via Rationalise tertiary education fees – DailyNews Live 13 April 2016
HARARE – Reports that over 12 000 students have dropped out of tertiary learning institutions are an indictment on the governing party Zanu PF and if not properly addressed could lead to chaos similar to what happened in South Africa when students went on a “fees must fall” campaign strike in that country.
We are worried that the governing party — which is packed by people who benefited from the students’ loan and grant system has now decided to punish the have-nots and in the process stall or defer dreams of a generation.
Admittedly, there is nothing wrong in students paying for their education but if the fees are beyond the reach of many then it becomes a problem and, most certainly, a recipe for disaster — because a whole generation is being denied what the previous generations enjoyed.
We are happy indeed with the introduction of free education for students who will study in science, technology, engineering and mathematics (Stem) as this will undoubtedly encourage students to enrol in these critical fields which have helped countries like South Korea to evolve into technological superpowers.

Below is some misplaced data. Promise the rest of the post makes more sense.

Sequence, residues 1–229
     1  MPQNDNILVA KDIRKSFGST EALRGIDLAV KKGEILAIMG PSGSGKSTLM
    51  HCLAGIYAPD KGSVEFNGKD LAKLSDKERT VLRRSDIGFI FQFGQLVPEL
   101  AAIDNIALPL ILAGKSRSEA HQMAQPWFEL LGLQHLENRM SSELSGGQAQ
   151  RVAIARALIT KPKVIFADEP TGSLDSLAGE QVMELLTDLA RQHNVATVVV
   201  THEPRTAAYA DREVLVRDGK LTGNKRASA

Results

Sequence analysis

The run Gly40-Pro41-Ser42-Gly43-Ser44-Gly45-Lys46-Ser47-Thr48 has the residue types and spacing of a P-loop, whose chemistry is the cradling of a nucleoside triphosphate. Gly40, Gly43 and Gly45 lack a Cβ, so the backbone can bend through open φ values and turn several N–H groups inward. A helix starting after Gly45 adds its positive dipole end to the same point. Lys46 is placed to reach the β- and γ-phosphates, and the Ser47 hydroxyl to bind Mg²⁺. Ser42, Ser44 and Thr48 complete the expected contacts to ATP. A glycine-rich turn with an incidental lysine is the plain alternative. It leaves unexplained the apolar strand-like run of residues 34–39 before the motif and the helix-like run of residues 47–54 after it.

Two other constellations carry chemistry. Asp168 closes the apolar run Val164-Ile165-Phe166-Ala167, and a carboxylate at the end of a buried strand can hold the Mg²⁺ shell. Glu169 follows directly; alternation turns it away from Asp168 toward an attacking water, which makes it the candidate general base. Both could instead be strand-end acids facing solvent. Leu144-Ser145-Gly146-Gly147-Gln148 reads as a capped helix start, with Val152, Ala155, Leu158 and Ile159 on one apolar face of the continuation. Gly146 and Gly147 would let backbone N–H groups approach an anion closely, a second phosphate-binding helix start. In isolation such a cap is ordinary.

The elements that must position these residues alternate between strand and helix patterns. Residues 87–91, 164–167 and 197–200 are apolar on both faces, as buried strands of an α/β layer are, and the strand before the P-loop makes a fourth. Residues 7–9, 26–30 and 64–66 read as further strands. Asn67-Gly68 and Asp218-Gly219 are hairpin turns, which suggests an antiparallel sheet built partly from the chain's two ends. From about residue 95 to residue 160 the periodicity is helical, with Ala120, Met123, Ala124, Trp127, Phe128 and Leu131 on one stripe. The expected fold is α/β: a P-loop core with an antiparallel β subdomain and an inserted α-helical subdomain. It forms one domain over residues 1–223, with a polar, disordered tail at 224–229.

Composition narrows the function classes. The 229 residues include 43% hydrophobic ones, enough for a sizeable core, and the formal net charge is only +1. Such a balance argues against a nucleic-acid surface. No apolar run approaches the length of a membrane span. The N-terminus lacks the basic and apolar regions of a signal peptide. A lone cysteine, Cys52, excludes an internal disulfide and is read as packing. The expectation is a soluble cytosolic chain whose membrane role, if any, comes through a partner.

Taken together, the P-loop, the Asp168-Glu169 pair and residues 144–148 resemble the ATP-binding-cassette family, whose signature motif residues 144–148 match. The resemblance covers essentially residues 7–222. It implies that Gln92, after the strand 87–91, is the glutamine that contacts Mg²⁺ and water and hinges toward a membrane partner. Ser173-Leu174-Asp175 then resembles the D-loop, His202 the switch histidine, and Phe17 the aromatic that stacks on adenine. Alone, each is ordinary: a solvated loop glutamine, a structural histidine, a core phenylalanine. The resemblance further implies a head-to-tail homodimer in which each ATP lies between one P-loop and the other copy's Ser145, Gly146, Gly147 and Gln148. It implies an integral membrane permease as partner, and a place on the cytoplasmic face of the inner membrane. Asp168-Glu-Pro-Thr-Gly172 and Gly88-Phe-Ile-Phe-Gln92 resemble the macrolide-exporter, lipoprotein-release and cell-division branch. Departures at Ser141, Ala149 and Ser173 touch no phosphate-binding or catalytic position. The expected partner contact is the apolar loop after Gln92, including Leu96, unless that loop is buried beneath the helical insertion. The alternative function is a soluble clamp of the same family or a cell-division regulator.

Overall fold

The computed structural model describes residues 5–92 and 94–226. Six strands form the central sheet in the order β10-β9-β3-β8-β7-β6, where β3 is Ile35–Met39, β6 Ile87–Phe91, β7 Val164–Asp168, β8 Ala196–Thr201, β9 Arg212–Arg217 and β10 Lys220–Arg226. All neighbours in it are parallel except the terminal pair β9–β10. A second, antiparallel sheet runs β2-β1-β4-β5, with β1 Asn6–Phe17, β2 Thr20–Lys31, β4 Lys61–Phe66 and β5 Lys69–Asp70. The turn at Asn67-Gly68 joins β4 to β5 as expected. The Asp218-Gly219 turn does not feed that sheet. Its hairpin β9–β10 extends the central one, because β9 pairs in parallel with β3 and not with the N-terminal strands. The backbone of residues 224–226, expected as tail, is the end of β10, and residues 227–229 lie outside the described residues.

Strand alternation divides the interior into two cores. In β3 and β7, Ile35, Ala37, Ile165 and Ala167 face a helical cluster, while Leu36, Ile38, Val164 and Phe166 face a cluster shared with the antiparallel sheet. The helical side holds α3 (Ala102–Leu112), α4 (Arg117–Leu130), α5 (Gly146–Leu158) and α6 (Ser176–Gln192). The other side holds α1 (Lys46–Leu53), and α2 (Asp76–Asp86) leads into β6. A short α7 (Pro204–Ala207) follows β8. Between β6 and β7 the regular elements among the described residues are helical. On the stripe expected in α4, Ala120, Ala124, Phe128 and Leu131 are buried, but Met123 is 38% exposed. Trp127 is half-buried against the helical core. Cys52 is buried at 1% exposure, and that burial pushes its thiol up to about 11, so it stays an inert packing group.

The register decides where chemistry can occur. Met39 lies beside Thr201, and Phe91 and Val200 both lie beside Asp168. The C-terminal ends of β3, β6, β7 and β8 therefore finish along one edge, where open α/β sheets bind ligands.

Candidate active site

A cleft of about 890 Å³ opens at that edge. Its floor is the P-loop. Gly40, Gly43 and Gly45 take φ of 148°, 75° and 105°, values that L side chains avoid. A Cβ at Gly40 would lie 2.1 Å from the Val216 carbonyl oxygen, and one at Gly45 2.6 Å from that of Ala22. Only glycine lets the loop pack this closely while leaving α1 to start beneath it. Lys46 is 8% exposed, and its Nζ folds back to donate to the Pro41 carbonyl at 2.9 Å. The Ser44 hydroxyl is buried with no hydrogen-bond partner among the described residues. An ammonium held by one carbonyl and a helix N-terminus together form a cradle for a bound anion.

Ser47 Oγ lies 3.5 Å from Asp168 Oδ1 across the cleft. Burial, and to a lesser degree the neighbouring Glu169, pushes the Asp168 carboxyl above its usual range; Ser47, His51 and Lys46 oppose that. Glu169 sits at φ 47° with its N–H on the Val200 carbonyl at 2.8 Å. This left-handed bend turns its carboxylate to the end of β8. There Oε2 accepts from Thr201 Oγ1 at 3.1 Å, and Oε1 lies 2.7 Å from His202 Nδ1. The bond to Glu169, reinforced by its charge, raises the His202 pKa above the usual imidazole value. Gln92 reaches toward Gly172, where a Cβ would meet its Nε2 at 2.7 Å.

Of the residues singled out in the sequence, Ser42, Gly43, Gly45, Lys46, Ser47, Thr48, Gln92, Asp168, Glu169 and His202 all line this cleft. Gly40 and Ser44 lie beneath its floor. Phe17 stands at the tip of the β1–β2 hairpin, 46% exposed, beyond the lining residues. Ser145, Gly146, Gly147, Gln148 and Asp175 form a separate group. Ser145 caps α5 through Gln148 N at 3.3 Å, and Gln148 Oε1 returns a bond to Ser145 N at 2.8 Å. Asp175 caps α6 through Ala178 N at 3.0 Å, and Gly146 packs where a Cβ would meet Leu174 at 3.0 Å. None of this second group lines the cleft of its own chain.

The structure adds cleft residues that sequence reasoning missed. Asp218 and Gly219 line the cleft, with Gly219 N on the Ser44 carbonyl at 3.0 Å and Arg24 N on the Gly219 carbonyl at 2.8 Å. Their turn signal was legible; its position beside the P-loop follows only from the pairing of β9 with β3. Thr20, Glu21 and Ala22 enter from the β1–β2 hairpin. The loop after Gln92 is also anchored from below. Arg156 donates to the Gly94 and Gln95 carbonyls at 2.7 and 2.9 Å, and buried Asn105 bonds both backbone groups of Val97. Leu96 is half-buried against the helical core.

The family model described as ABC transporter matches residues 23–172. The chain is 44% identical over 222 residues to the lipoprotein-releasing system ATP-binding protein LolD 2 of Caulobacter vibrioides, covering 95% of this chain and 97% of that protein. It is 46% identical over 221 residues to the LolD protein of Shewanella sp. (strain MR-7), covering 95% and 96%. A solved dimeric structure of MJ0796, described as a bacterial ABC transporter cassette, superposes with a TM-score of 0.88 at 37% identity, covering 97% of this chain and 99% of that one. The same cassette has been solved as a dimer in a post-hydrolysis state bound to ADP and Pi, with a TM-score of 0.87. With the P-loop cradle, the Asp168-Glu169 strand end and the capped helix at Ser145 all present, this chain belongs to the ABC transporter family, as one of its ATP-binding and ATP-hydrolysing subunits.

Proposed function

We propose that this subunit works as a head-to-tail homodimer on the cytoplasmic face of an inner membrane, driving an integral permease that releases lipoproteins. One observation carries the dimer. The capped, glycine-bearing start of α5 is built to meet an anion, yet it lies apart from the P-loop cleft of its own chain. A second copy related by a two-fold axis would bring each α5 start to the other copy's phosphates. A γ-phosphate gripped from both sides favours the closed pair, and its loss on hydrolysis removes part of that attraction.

But does it mean that those already at tertiary institutions should not be embraced? Does it mean the present generation, which is not being spared by the economic decay, cannot benefit even if they are doing Stem-related degrees?
While we fully appreciate that government is broke and the resultant constraints in subsidising education, we believe strongly that mechanisms should be put in place to ensure that all deserving students complete their education.
Why is government so ever ready to blow more than $20 million on foreign travel in less than four months but reluctant to assist needy students realise their goals? This speaks of a government with skewed priorities.
It is embarrassing that those in power have their children learning in foreign countries where facilities are world-class while those who groan under the burden of taxes have to make do with local colleges whose infrastructure is in constant decay.
Where does an orphaned person get the over $500 to pay for the tuition fees that most State-run colleges ask for? Does it mean the poor will be condemned to ignorance while the rich are indulged with choice education at expensive international institutions?
Zimbabwe is not for the rich only but for everyone and we should make sure that we have in place mechanisms to ensure that everyone who is qualified gets a chance to improve themselves at local tertiary institutions.
We hope our government takes heed and creates a win-win situation with students from underprivileged families who are dropping out of school because of steep fees.